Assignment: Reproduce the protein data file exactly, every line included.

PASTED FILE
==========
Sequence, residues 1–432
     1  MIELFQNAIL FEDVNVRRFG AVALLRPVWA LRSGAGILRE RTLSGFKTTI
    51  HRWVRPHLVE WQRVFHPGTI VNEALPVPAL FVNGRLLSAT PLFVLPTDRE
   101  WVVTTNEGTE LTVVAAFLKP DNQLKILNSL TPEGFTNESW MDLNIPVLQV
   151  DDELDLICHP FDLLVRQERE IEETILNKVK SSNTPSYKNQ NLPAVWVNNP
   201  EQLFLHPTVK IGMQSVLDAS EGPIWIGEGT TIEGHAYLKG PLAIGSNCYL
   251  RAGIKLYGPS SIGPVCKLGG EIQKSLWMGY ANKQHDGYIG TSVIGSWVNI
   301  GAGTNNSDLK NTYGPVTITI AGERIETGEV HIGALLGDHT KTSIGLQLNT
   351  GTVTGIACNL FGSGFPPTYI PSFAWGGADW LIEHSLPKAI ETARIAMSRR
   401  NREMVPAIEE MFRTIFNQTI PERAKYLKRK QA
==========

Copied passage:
Sequence, residues 1–432
     1  MIELFQNAIL FEDVNVRRFG AVALLRPVWA LRSGAGILRE RTLSGFKTTI
    51  HRWVRPHLVE WQRVFHPGTI VNEALPVPAL FVNGRLLSAT PLFVLPTDRE
   101  WVVTTNEGTE LTVVAAFLKP DNQLKILNSL TPEGFTNESW MDLNIPVLQV
   151  DDELDLICHP FDLLVRQERE IEETILNKVK SSNTPSYKNQ NLPAVWVNNP
   201  EQLFLHPTVK IGMQSVLDAS EGPIWIGEGT TIEGHAYLKG PLAIGSNCYL
   251  RAGIKLYGPS SIGPVCKLGG EIQKSLWMGY ANKQHDGYIG TSVIGSWVNI
   301  GAGTNNSDLK NTYGPVTITI AGERIETGEV HIGALLGDHT KTSIGLQLNT
   351  GTVTGIACNL FGSGFPPTYI PSFAWGGADW LIEHSLPKAI ETARIAMSRR
   401  NREMVPAIEE MFRTIFNQTI PERAKYLKRK QA